structural deficiencies in the cult, although Klawans rightly stresses that these
sources neither reject cultic ritual as such nor seek to replace the cult permanently
with a novel set of religious practices. One might question, however, Klawans’s
rationale for his division of the sources between these two chapters. Had
Chapter 5 been restricted to the sectarian writings from Qumran, this division
might have been understandable. But, as it is, I was not persuaded that Jubilees
and the Temple Scroll, neither of which can be considered sectarian strictly speaking, would be more (or less) likely to express criticism of the cult than, say, the
Testament of Levi or certain Enochic documents. This division seems to
suggest, in effect, that substantive critique of the cult during the Second Temple
period was largely, if not exclusively, a sectarian phenomenon. This conclusion
is not borne out by the textual evidence.
Chapters 6 and 7 offer revisionist interpretations of a number of classic rabbinic and New Testament texts relating to the Jerusalem Temple and its ritual
system. Klawans finds that rabbinic sources do not attribute the destruction
1. “Some Echoes of Jubilees in Medieval Hebrew Literature,” in Tracing the Threads: Studies in
the Vitality of Jewish Pseudepigrapha, ed. J. C. Reeves (Atlanta, GA: Scholars’ Press, 1994), 115–41; and
idem, “R. Moses the Preacher and the Testaments of the Twelve Patriarchs,” AJS Review 9, no. 1 (1984):
Book Reviews
of the Temple in 70 CE to the moral or ritual shortcomings of its priesthood. The
rabbis were not radical innovators formulating a perfected form of Judaism to
replace this now outmoded form of worship. Instead, the rabbinic attitude
toward the Temple builds squarely on the widespread desire among Jews,
which had begun to develop long before the destruction, to “emulate the temple
beyond its bounds” (253). Similarly, although a number of influential New Testament texts, such as Stephen’s speech in Acts 7 and the pseudo-Pauline letter to the
Hebrews, do articulate powerful anti-Temple messages, the well-known passages
from the synoptic gospels that recount the events of the Last Supper and Jesus’ socalled cleansing of the Temple can best be read as confirmation of the vital role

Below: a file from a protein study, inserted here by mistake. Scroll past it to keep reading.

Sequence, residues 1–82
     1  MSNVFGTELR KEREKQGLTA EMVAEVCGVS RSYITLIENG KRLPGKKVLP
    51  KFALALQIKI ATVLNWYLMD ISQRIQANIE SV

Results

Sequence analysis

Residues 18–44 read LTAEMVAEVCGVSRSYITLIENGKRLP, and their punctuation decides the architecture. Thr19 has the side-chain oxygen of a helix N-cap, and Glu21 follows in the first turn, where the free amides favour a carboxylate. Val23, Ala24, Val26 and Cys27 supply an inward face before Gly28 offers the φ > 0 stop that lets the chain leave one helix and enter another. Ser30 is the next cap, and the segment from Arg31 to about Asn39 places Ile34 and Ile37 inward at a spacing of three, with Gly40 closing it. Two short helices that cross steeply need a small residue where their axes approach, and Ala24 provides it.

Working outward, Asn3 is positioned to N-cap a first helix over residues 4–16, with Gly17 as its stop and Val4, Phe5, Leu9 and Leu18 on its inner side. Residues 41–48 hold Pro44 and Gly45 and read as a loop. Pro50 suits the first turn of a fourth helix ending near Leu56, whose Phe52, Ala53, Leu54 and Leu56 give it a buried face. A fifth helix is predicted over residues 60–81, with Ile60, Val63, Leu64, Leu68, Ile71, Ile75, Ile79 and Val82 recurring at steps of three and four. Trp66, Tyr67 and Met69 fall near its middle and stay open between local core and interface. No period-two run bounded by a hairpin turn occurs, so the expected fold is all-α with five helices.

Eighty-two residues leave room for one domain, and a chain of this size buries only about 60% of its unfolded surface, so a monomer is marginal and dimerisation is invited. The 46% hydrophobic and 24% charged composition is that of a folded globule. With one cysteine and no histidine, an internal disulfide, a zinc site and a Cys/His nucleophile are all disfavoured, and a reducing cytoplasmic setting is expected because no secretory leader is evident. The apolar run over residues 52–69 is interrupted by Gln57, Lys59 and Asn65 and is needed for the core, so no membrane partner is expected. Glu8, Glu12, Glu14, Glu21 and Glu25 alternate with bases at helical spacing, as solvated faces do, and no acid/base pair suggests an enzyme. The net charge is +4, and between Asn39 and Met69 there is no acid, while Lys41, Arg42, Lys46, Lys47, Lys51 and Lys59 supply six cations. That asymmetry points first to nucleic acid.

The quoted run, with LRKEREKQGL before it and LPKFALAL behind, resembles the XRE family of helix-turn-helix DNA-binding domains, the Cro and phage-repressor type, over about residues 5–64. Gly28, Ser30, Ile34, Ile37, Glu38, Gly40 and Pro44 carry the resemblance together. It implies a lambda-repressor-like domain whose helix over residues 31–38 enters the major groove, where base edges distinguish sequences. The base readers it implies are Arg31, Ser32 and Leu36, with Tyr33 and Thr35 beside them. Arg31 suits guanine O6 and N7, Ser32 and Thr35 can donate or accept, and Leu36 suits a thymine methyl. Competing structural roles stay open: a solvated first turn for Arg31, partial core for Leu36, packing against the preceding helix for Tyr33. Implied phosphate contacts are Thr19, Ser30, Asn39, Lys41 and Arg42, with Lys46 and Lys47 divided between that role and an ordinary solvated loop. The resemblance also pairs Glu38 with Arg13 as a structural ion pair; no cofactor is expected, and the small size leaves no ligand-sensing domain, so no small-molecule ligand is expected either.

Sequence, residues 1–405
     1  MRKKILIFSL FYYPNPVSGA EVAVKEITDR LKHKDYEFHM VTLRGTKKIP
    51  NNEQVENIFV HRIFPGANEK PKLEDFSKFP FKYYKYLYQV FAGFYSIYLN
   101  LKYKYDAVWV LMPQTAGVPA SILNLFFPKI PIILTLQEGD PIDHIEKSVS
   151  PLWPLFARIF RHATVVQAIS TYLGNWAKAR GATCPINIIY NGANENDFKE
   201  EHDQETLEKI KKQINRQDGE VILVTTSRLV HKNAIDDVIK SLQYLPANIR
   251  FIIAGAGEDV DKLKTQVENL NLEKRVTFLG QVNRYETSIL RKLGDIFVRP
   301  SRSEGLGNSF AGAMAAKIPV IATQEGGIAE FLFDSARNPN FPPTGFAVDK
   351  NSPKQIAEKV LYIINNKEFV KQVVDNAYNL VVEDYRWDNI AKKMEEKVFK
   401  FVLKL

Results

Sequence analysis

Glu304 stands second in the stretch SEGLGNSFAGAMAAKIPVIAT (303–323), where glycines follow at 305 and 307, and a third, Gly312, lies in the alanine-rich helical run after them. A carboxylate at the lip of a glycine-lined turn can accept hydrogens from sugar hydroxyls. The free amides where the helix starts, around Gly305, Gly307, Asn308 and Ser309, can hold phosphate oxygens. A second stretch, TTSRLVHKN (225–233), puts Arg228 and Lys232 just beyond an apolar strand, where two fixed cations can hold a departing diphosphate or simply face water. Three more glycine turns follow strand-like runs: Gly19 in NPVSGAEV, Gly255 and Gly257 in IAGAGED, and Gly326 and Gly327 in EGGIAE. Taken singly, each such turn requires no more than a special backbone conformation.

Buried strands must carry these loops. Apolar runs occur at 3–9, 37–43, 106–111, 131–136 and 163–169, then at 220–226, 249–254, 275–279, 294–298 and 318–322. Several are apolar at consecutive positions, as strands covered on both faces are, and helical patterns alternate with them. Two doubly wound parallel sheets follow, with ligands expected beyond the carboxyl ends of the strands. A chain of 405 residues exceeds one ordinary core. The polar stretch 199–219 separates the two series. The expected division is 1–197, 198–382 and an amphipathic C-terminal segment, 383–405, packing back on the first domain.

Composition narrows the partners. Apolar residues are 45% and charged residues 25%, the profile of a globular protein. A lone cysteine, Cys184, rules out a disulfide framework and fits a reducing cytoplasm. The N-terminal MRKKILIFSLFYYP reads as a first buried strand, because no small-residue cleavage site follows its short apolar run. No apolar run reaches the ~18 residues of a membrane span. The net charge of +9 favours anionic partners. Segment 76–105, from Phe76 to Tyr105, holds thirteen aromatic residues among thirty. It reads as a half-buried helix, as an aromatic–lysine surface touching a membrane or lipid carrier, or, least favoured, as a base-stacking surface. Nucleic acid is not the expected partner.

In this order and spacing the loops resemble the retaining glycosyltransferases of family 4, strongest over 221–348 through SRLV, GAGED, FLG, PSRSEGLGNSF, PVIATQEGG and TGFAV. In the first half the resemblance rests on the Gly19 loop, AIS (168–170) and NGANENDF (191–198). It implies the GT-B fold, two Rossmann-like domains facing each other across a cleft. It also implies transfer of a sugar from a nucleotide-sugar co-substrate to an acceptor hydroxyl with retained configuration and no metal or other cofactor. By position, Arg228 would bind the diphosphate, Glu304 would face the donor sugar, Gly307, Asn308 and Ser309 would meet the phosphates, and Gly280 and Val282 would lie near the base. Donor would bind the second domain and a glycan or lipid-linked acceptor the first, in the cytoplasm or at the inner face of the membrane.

that the sacrificial cult continued to play in the formation of religious practice
among ancient Jews, including the followers of Jesus. In Klawans’s reading,
Jesus’ Eucharistic statements at the Last Supper are not meant to discredit the
cult but to draw its symbolic resonances and ritual authority from it. And, in disrupting the normal functioning of the Temple, Jesus (or the gospel writers) did not wish
to signal the coming end of animal sacrifice but to build on the tradition of prophetic
critique, with its dual commitment to moral scrupulousness and ritual rigor.
Klawans is at his best when dissecting the faulty textual reasoning of
received scholarly opinion and the problematic analytical presuppositions on
which they are based. The book does not, however, always linger over matters
of textual interpretation in sufficient detail, often privileging general historiographic preferences over the specifics of literary history. Still, it is my sincere
hope that scholars of ancient Judaism will read—and internalize—Klawans’s
sophisticated account of the vital role that metaphorical thinking plays in constituting cultural practices such as sacrifice as symbolically meaningful actions.
Ra‘anan S. Boustan
University of California, Los Angeles
Los Angeles, California
• • •
Howard Apothaker. Sifra, Dibbura DeSinai: Rhetorical Formulae, Literary
Structures, and Legal Traditions. Cincinnati, OH: Hebrew Union College Press,
2003. 464 pp.
doi: 10.1017/S0364009408001025
Relatively little research is being done in the area of midrash halakhah. Of
the work being done, most of it—for example, the prodigious labors of Menahem
Kahana—falls under the rubric of philology. Only a few scholars—most notably
Jacob Neusner, Steven Fraade, Daniel Boyarin, and Moshe Halbertal—have
addressed the question of how to understand the project of midrash halakhah.
(Jay Harris has helped us understand how the endeavor was viewed by Jews
from the medieval period and onward, but this is a separate issue.) Therefore,
any attempt to explicate the program of a work of midrash halakhah, such as